Surgical Resection Provides an Overall Survival Benefit for Patients with Small Pancreatic Neuroendocrine Tumors

Susan M. Sharpe, Haejin In, David J. Winchester, Mark S. Talamonti, Marshall S. Baker

Research output: Contribution to journalArticle

50 Scopus citations

Abstract

Background: The optimal management of small (≤2 cm) pancreatic neuroendocrine tumors (PNETs) remains controversial. We evaluated these tumors in the National Cancer Data Base (NCDB) to determine if resection provides a survival advantage over observation.

Methods: The NCDB was queried to identify patients with nonmetastatic PNETs ≤2 cm treated between 1998 and 2006. Kaplan-Meier survival estimates, stratified by grade and treatment type, evaluated the difference in 5-year overall survival (OS) between patients who underwent resection and observation. Multivariable Cox regression was used to determine the importance of resection in OS.

Results: Three hundred eighty patients met inclusion criteria. Eighty-one percent underwent resection; 19 % were observed. Five-year OS was 82.2 % for patients who underwent surgery and 34.3 % for those who were observed (p < 0.0001). When controlling for age, comorbidities, income, facility type, tumor size and location, grade, margin status, nodal status, surgical management, and nonsurgical therapy in the Cox model, observation [hazard ratio (HR) 2.80], poorly differentiated histology (HR 3.79), lymph node positivity (HR 2.01), and nonsurgical therapies (HR 2.23) were independently associated with an increase in risk of mortality (p < 0.01).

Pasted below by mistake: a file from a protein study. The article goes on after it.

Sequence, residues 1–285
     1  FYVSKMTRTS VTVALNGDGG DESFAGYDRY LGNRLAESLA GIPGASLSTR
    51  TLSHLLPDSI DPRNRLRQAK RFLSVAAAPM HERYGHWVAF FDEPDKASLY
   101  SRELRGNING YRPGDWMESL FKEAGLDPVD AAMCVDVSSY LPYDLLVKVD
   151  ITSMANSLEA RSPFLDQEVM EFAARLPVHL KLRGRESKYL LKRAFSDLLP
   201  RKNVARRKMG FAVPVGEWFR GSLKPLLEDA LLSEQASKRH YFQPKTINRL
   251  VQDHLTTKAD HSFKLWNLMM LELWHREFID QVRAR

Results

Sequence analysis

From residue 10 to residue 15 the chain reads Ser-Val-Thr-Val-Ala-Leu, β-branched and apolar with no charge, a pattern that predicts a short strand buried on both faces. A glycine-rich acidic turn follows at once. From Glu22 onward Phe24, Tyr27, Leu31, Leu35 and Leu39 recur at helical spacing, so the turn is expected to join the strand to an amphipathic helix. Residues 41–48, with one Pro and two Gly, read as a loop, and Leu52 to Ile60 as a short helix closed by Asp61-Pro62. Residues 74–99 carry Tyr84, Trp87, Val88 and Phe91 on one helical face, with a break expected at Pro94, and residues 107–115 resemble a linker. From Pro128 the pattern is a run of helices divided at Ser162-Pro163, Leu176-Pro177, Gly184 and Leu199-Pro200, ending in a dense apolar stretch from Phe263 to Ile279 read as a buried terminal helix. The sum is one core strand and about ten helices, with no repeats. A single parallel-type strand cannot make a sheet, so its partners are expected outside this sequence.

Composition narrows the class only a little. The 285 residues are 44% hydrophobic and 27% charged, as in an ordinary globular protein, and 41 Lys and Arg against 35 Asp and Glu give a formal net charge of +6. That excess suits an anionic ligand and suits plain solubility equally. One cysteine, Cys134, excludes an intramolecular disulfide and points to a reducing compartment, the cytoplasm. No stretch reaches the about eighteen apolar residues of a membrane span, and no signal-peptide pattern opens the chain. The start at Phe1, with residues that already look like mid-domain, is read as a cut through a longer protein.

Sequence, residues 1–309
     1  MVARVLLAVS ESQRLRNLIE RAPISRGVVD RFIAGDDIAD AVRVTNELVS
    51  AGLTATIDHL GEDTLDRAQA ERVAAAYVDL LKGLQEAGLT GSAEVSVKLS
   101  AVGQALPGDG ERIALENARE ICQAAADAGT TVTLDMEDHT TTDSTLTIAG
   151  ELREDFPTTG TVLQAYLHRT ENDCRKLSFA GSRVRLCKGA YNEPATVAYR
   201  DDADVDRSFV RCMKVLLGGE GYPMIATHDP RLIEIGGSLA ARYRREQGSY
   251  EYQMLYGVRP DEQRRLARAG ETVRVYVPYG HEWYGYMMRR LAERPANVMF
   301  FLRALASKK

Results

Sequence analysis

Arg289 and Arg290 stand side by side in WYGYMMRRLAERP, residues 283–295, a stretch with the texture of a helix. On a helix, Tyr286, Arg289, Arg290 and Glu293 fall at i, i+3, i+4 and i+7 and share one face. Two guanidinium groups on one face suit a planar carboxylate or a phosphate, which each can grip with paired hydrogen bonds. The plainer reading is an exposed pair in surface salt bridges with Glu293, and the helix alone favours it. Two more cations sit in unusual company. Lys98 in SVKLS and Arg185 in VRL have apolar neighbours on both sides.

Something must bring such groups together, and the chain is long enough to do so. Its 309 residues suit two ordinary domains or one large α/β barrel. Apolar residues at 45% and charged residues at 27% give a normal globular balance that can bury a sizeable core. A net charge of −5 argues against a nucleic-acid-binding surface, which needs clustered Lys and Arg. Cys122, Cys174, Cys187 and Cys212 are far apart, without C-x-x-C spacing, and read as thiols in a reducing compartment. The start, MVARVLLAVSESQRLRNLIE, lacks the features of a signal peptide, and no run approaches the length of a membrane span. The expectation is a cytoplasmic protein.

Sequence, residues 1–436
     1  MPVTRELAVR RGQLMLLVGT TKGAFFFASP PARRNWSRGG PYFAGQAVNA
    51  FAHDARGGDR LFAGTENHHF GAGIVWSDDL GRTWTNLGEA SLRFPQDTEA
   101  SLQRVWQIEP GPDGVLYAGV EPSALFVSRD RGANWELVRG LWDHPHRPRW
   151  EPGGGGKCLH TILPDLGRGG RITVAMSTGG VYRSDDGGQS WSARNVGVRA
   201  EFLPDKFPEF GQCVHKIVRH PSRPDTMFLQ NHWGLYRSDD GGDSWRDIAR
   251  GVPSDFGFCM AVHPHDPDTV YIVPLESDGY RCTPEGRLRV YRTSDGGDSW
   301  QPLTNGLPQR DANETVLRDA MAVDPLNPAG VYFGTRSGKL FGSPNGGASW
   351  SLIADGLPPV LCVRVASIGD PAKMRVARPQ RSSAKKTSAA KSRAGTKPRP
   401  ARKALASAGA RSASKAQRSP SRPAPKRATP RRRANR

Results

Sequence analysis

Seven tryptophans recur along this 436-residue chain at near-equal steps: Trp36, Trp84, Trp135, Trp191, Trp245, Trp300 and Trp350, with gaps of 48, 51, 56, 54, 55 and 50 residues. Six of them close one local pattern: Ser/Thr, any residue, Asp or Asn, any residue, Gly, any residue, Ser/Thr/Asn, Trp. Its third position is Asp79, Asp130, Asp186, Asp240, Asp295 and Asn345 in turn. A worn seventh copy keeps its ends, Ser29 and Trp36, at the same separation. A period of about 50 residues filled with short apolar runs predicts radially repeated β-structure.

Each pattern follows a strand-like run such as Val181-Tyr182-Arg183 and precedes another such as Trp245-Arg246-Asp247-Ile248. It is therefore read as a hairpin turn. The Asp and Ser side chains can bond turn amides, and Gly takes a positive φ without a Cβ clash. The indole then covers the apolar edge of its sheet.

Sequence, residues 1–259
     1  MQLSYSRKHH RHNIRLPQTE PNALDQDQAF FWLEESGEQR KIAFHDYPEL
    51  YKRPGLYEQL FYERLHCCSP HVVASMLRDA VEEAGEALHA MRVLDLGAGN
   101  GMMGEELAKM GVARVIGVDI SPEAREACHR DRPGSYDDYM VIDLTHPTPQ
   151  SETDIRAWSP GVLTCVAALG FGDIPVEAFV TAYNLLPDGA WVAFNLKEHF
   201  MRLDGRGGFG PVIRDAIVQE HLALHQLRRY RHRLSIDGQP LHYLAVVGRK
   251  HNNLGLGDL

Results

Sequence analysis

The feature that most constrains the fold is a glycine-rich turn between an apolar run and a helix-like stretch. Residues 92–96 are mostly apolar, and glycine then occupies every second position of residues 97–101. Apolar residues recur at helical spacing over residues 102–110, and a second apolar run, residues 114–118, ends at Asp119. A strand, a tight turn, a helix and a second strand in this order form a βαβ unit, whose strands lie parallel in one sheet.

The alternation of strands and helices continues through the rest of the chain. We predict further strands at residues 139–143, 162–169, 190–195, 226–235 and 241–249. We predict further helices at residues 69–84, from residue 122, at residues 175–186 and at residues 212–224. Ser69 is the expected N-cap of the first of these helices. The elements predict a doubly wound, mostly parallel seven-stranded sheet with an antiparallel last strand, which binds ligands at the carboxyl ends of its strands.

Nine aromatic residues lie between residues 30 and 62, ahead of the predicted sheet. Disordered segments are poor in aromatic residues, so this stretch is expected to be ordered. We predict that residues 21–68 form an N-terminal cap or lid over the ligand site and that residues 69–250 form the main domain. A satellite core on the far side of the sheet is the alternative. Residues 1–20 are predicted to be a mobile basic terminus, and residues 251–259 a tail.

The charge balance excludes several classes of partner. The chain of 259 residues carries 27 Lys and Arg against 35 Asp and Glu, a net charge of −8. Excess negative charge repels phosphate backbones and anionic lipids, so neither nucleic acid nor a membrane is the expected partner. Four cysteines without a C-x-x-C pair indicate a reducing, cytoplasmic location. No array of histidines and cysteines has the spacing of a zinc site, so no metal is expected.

Conclusion: Patients with localized PNETs ≤2 cm had an overall survival advantage with resection compared to observation, independent of age, comorbidities, tumor grade, and treatment with nonsurgical therapies.

Original languageEnglish (US)
Pages (from-to)117-123
Number of pages7
JournalJournal of Gastrointestinal Surgery
Volume19
Issue number1
DOIs
StatePublished - Jan 1 2014
Externally publishedYes

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Keywords

  • Neuroendocrine
  • Pancreas
  • Surgery
  • Survival
  • Tumor

ASJC Scopus subject areas

  • Surgery
  • Gastroenterology

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